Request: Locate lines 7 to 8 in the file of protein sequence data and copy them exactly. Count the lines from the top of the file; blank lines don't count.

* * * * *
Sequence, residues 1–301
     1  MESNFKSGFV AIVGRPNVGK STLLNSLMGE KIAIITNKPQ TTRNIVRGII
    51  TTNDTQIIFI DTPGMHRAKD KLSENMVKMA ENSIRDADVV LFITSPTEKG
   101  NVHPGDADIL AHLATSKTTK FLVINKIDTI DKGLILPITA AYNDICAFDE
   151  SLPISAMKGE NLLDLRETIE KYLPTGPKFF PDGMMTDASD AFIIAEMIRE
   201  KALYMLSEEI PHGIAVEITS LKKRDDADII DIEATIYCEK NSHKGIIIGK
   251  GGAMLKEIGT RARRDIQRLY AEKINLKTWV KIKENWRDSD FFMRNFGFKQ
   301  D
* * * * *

   251  GGAMLKEIGT RARRDIQRLY AEKINLKTWV KIKENWRDSD FFMRNFGFKQ
   301  D